The picture Sorokin painted in the 1940s was a gloomy one. Back then it was a picture, now it has become reality. It is alive and well, so to speak. What he once merely put to paper, has now become what most of us see and feel on a day-to-day basis. We live in a post-Sorokin world. However, in spite of the accuracy of Sorokin’s predictions, Sorokin did also predict something rather much more optimistic: the rebellion against such a culture. Matter of fact, such a rebellion has already started. One can see it clearly in parts of the Muslim world—a world which rejects the West’s love of the sensate. It will not come as a surprise to any future writers if the world they live in is increasingly, and largely, Muslim. The problem with a sensate culture is that it fails to deliver. It fails to bring home the goods it promises. Initially, we all bought into the lie that maybe a black-and-white television was enough. But it was not so. We wanted more. Then we added other accessories. Now we’re waiting for the next big thing. In anticipation we fail to ponder a single and most profound thought: To what ends colossality? What are we all really looking for out there on the silver screen? And if more is equalling less, which we now know it is, why do we still pursue more? If more pornography never cured erectile dysfunction, why are we still feeding ourselves to such over-sized portions of it? If our love for big is worthwhile, at which point is big enough? If ever?
I now return to my initial observations. (Sure, Sorokin continues talking, on and on, about our culture’s issues. For that, one could read the book.) My problem with modern society is that it has become everything Sorokin said it would. And we have become all the worse for it. We’re not any closer to satisfaction than when we first started. I’d be willing to bet that the only one enjoying sex right now is that rabbi in Israel. As for you and your spouse, you can go back to watching Sex and the City and reading Fifty Shades of Grey to the mind-scarring beats of you-know-who…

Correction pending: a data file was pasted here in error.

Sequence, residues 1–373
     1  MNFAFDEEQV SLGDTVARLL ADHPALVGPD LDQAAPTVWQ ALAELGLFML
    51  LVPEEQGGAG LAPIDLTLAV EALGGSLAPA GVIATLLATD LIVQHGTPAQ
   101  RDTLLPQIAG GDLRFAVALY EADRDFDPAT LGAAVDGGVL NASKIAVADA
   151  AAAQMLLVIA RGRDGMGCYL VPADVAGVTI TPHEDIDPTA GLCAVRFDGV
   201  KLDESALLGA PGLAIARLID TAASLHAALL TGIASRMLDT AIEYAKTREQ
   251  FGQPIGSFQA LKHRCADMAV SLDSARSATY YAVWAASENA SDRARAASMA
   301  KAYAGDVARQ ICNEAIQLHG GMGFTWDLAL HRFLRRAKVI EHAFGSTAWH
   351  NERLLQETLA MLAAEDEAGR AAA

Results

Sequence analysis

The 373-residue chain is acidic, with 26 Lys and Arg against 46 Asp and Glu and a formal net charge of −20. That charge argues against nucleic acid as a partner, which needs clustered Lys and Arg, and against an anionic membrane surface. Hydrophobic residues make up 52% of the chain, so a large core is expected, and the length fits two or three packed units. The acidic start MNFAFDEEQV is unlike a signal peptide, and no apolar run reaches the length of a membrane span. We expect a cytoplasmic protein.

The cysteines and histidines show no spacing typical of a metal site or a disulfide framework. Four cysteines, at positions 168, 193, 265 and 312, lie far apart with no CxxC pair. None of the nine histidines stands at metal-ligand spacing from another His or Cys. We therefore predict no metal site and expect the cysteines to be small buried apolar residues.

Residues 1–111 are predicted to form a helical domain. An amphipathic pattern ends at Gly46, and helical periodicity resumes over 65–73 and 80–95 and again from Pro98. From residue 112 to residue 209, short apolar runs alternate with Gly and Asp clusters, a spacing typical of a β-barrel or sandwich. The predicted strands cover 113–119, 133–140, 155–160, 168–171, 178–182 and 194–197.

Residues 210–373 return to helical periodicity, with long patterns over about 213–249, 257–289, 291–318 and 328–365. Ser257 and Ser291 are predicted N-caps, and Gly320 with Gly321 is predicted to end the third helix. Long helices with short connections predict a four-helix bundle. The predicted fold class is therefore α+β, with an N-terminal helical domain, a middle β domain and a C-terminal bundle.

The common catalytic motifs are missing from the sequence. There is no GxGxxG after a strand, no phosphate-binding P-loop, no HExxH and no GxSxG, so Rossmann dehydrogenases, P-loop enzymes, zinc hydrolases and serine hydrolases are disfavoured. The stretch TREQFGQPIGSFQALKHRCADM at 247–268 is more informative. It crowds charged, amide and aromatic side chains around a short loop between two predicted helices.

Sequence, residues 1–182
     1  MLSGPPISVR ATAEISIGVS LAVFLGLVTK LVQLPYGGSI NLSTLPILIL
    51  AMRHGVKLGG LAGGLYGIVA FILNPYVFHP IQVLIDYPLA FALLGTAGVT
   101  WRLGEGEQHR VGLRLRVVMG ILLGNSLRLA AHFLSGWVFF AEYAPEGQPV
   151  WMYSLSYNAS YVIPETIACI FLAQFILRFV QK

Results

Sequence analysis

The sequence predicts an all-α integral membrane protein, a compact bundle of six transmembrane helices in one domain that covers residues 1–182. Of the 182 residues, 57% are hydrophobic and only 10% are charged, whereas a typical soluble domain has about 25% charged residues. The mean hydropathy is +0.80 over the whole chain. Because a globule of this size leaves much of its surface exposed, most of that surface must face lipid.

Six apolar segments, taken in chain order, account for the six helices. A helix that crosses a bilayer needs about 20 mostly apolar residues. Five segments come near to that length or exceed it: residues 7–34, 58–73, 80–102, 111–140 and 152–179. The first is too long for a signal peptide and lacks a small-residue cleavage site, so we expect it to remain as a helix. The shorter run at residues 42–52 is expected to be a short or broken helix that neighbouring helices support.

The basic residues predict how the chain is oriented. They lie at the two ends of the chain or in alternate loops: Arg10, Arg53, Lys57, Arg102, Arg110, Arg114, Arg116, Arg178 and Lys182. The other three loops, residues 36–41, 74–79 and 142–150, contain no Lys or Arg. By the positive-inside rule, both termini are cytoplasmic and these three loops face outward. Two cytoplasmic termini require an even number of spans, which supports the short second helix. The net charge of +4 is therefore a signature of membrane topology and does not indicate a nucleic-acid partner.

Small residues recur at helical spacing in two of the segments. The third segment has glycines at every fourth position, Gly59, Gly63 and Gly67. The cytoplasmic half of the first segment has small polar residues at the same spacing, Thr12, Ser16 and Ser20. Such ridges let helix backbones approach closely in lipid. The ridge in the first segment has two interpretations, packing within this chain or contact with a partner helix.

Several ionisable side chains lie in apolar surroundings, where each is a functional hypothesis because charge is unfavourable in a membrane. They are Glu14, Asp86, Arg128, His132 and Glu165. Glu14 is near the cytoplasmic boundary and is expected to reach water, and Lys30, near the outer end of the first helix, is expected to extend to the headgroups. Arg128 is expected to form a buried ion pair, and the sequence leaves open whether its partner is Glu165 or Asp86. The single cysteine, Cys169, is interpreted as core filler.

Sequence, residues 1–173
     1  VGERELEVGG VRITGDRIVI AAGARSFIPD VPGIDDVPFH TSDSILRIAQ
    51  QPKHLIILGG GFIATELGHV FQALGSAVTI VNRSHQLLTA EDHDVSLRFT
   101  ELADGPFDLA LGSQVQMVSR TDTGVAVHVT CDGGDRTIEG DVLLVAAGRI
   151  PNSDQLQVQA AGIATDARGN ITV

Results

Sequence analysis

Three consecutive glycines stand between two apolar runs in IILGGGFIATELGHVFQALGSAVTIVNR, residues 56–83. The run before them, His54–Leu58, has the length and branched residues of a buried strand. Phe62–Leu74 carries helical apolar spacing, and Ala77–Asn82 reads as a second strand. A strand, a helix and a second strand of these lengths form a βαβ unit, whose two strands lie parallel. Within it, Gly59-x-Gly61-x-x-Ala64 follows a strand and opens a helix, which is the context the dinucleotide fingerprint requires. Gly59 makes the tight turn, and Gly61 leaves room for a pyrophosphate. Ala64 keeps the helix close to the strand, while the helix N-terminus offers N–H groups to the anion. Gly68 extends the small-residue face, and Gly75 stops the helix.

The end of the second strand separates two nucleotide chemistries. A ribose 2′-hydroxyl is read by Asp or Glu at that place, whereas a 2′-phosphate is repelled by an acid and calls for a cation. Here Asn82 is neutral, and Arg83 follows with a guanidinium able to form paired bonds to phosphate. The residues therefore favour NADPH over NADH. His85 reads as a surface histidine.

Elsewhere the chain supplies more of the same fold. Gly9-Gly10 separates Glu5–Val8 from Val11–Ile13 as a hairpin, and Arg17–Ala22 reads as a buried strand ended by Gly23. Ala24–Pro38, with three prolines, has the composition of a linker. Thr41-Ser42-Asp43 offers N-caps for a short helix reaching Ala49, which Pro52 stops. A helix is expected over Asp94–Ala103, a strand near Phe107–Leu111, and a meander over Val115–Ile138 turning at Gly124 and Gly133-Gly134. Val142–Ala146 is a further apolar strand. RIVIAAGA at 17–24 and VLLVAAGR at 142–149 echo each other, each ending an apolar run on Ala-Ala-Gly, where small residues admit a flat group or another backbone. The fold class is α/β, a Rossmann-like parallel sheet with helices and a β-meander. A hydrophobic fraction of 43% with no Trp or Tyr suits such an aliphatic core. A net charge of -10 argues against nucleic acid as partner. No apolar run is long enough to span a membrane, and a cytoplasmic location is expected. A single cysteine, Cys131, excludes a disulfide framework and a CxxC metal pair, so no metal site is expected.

Written by: Moses Y. Mikheyev
 Pitirim A. Sorokin, The Crisis of Our Age (Oxford: OneWorld Publications Ltd., 1992), 29.
 Ibid., 28.
 Ibid., 29.
 Quoted in Chris Hedges, Death of the Liberal Class (New York: Nation Books, 2010), 114.
 Sorokin, Crisis of Our Age, 47.
 Ibid., 52.
 Hedges, Death of the Liberal Class, 118.
 Sorokin, Crisis of Our Age, 54.
 Ibid., 58. Italics original.
 Ibid., 59.
 I probably should not have said “mysteriously.” In fact, there’s nothing mysterious about Hedges’ unfamiliarity with Sorokin’s work: Sorokin is a thorn in the side of modern society, a pariah. He has been relegated to the dustbin of useless existence because he deals with things none of us dare confront. He says nothing that contributes to untethered capitalism, corporate America, consumer culture, narcism, etc. Those who confront the elite are largely marginalized, ignored, or rechristened. Take a look at Einstein. Post-modernists have claimed his theories as their own. In fact, he wanted nothing to do with relativistic interpretations of his absolute theories. That is, post-modernists simply rechristened Einstein, accentuated “relativity” in “general theory of relativity,” and have made him one of their so-called allies. Something Kurt Gödel and Einstein vomited over. Einstein was rechristened in order to be accepted and brought to fame; Sorokin was ignored. Same difference.
 Hedges, Death of the Liberal Class, 115.